The other feature that distinguishes the convertible tablet from today’s notebooks is the pen or stylus, which the Elite x2 includes. But tablet makers treat the pen like a gawky teenager treats his hands: They’re never sure where to put them, exactly.
HP’s solution is to supply a user-installable string loop. which literally ties the pen to the tablet itself. That helps keep the pen from wandering off while in a briefcase. On a desk, though, it’s like the proverbial note pinned to a child’s shirt to ensure it doesn’t get lost.
Otherwise, the pen is fairly standard, with “select” and “erase” buttons as well as a “eraser” button that doesn’t actually erase; it just launches OneNote. Inside is a AAAA battery. If you’re a digital artist, you’ll like the fact that the Wacom digitizer boasts 2,048 levels of pressure, double that of the Surface Pro 4. To me and the average office user, however, that’s an abstract number with no real value.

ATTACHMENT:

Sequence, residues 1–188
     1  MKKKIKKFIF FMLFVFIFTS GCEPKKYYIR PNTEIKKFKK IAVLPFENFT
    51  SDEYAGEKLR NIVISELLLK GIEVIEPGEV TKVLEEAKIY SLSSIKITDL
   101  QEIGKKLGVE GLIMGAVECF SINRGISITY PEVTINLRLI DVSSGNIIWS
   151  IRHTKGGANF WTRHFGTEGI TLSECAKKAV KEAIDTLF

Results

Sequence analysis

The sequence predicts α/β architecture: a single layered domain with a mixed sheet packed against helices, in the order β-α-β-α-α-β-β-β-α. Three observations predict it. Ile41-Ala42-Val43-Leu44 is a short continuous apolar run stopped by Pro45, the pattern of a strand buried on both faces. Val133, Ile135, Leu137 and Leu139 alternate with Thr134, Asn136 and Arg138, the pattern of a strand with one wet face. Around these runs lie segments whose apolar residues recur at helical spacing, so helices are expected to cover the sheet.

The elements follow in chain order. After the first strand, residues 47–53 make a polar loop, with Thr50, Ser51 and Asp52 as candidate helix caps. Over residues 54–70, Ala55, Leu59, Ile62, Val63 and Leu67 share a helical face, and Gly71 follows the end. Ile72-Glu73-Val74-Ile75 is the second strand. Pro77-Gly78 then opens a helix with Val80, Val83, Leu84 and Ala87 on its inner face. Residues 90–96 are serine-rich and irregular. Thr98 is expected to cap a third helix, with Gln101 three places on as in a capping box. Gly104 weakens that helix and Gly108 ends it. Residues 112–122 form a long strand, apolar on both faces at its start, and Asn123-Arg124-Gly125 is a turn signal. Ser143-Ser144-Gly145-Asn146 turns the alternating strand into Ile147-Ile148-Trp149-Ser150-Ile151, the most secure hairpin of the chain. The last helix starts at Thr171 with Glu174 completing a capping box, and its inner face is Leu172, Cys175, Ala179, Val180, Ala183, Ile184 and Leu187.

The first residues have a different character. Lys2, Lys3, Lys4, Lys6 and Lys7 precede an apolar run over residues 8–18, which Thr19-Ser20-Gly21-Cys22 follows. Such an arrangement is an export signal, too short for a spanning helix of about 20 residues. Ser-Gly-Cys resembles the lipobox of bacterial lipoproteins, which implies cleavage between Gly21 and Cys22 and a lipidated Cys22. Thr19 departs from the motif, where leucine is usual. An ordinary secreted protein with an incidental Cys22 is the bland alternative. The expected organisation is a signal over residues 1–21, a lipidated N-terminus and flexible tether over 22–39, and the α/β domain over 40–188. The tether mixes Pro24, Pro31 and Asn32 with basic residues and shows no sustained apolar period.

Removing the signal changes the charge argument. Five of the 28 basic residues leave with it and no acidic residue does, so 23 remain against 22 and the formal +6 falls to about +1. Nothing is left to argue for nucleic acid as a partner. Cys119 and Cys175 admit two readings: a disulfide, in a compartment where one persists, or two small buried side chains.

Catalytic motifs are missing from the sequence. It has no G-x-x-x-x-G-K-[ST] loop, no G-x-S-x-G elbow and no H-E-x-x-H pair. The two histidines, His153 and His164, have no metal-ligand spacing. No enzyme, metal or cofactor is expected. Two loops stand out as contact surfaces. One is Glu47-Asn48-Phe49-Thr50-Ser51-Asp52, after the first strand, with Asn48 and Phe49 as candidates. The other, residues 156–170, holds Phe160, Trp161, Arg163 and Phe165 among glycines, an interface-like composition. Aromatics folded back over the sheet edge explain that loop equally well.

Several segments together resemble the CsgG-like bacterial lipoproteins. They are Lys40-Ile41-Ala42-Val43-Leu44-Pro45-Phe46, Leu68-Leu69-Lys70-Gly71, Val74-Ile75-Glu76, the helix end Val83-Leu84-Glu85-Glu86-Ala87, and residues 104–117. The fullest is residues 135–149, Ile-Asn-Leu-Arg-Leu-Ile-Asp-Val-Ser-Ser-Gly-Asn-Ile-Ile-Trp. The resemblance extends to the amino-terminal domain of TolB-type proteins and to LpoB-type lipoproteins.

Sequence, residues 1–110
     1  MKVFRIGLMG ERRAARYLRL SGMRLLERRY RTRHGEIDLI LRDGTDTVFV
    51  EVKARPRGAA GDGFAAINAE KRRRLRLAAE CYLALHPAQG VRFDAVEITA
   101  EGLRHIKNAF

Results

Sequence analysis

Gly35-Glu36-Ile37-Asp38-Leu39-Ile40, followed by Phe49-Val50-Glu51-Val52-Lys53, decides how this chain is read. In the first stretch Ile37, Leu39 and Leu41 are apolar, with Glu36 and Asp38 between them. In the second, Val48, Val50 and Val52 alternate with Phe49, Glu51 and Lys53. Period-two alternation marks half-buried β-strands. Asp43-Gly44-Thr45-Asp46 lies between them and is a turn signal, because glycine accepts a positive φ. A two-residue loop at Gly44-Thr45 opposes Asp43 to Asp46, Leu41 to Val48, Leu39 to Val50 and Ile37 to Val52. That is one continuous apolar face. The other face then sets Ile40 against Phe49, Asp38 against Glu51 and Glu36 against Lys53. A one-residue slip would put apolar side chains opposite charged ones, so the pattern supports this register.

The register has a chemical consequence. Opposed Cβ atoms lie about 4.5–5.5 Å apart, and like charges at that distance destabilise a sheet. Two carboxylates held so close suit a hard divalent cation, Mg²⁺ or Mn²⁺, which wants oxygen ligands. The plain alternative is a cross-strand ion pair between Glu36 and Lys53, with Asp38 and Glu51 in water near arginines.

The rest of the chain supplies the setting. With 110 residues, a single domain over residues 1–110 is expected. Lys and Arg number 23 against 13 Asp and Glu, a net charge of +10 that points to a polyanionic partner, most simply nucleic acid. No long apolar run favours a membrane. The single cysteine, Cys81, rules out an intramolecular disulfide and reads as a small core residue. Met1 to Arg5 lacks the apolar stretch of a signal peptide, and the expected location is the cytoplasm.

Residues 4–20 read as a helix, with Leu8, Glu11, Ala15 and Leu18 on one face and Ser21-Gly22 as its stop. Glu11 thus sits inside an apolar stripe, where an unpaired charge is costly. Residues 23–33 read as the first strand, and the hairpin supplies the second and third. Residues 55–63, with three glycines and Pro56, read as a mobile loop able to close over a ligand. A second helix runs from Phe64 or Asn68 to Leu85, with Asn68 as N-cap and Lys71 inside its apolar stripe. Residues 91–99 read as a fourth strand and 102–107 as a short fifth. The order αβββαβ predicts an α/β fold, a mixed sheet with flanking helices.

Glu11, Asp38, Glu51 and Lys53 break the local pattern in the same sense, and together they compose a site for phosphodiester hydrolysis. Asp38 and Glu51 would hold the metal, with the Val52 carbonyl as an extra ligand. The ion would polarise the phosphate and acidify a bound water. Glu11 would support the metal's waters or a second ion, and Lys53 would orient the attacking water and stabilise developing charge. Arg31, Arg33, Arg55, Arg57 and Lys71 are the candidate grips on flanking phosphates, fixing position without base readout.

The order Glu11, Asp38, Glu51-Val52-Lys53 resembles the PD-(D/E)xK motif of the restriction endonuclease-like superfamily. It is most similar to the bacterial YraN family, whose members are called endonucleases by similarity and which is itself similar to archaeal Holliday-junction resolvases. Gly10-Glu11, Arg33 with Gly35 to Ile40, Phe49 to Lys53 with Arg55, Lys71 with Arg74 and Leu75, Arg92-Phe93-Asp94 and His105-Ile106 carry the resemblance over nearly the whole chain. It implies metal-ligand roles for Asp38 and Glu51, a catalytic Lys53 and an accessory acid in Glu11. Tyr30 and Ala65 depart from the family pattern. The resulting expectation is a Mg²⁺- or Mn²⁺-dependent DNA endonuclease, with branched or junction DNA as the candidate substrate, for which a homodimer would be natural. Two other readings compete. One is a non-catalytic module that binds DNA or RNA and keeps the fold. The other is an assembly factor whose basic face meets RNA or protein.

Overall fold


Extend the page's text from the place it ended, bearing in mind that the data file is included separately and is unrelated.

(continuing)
As with the Spectre x2, I found the Bang & Olufsen speakers somewhat faint, especially compared against Microsoft’s surprisingly loud Surface 3 speakers. Otherwise, the Elite x2 is part of the new generation of USB-C tablets, with the USB-C port combining Thunderbolt and USB 3.1 capabilities for both charging and docking. There’s also a more conventional USB 3.0 port. Inside the tablet hides 2x2 802.11ac Wi-Fi capabilities, Bluetooth 4.2, WiGig wireless display, as well as optional LTE broadband. HP included a microSD slot as well. Incidentally, if you’re wondering why the Elite x2 has such a massive bezel, blame the wireless, especially the WiGig connection, HP says.
Somewhat disappointingly, there’s only a 2MP camera in front, with a 5MP camera in in back. Rear cameras are useful for scanning documents and recording meetings, but there should be a higher-resolution camera in front for Skype calls.
HP also offers some optional peripherals: USB-C to HDMI or VGA adapters, plus a dongle to connect USB 3.0 to Gigabit ethernet. An optional $209 dock also includes a USB-C port that charges devices up to 15 watts; two DisplayPort 1.2 ports; a VGA port; a Gigabit ethernet port, and three USB 2.0 ports, with a fourth supplying power. HP didn’t supply any of them for review.
Sign up for CIO Asia eNewsletters.